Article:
If you’re unfamiliar with bodyboarding as a sport, you’d be forgiven for picturing sunburnt beach-goers pushing happily screaming kids onto whitewash waves. In reality, this exhilarating sport can take place at some of the world’s best breaks and looks a lot more like surfing than playing around in the shore break.
Now, a pastime that used to be the domain of teenage boys is being picked up en masse by women over 30 looking for fitness, friendship and fun. So, what’s the appeal of this overlooked water sport and why should women consider signing up and sharing the stoke?
It’s easy to get into, with immediate payoff
Rob Barber, bodyboarding champion and founder of Bodyboard Holidays, says low barriers to entry and instant fun means women are flocking to the sport – the fastest growing demographic on his trips is females between the ages of 30 and 65. “Our feedback shows that the increase in bodyboarding participation for women in particular is due to the ease of transporting the boards (no roof rack, no heavy travel bag), low cost and the fact that the goals at an early stage are achieved really quickly,” Rob explains.
Toby Player, Director of online and NSW-based shop Bodyboard King, has also noticed the increase in 30+ female bodyboarders and agrees it’s a simple, low-risk sport to pick up. “Bodyboarding is easier to learn that stand up surfing, especially if you don’t have much ocean knowledge, and you can still have heaps of fun even if you’re not super fit. It’s also low impact so there aren’t hip and knee injuries like in surfing.”
You’ll feel like a kid again and make new friends
Deb Partos, 47, started bodyboarding at her local breaks around Sydney’s northern beaches two years ago after noticing more and more women trying the sport at her son’s club. She says she loves the ‘personal challenge’, and before long she was attempting tricks like barrel rolls. “When I do something like that I feel like a kid again, pumping my fists in the air,” Deb says. “I recently took a girlfriend out who had never bodyboarded before and she was right out the back, squealing and screaming. It’s just so much fun.”
Deb says bodyboarding is also a great way to build community and make female friends. “I’ve met so many lovely women from their 20s to 60s. The female divisions have a real following now and it’s a very supportive community.” Rob agrees, noting that - more so than surfing - the focus is on fun in the water and not competitions. “In bodyboarding there are no egos and nobody is trying to be cool,” he says. “It's a great hobby to enjoy with your friends.”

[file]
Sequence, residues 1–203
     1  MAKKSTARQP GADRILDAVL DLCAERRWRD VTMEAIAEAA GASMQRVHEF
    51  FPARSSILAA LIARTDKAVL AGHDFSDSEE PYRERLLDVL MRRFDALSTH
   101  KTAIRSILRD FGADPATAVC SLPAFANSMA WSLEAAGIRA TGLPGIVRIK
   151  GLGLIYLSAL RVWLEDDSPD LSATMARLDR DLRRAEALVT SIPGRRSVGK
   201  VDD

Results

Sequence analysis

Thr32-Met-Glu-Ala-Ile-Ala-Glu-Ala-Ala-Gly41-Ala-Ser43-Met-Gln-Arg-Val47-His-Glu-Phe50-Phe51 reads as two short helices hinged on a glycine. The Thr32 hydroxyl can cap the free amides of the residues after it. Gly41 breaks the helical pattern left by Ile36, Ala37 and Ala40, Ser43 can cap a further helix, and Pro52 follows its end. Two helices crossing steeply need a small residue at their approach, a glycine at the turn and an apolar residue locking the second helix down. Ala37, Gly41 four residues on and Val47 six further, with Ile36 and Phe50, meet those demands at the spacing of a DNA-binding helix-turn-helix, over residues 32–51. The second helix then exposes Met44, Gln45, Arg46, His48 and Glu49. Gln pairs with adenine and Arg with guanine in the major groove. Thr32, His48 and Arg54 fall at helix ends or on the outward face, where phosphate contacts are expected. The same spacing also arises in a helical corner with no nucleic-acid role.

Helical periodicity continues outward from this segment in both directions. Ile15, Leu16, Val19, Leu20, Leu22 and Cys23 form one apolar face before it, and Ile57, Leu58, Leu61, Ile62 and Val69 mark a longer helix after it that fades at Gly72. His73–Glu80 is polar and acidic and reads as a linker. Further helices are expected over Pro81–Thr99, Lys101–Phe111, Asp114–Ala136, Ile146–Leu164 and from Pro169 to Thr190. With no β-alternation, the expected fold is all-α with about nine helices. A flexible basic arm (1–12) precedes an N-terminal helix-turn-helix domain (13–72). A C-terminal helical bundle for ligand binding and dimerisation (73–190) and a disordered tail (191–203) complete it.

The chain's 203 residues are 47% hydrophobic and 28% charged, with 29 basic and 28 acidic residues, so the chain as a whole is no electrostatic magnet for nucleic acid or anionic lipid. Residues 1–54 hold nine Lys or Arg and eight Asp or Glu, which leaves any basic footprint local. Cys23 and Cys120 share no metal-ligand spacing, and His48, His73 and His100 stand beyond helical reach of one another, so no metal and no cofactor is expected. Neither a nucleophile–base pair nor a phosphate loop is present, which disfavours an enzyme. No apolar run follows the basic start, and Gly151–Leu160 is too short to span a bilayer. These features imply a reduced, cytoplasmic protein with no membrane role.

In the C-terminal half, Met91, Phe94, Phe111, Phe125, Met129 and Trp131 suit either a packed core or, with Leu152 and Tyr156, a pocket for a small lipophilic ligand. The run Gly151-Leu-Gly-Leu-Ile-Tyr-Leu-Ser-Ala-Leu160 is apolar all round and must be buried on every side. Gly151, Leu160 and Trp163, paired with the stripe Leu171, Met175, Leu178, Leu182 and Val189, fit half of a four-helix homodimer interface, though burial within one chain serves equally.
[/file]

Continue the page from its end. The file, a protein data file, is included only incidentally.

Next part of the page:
It benefits your mind as well as your body
It’s no surprise that bodyboarding has a fantastic fitness factor. Kicking with fins and using your arms to paddle builds lean muscle and is also a great cardio workout - especially in bigger waves. “We have a lot of women getting into the sport at this time of year because they’re trying to get fit and healthy as a new years resolution,” Toby says.
Rob agrees that a bodyboarding session is better than a Pilates class. “The paddling motion is amazing as a leg and bum workout,” he says.
But it’s not just the physical benefits that attract women to the sport. Due to their tendency to focus us on the moment, ocean-based activities are often described as meditation in motion. In the past decade, surf therapy programs have popped up all over the world. In fact, in 2017 the United States Navy embarked on a $1 million research project to investigate the therapeutic potential of surfing for military personnel with PTSD, depression or sleep problems with promising results.
“I’ve heard so many women say they love being in the ocean for this reason (the mental health benefits) but they could never surf,” Toby says. “Well, there’s another way.”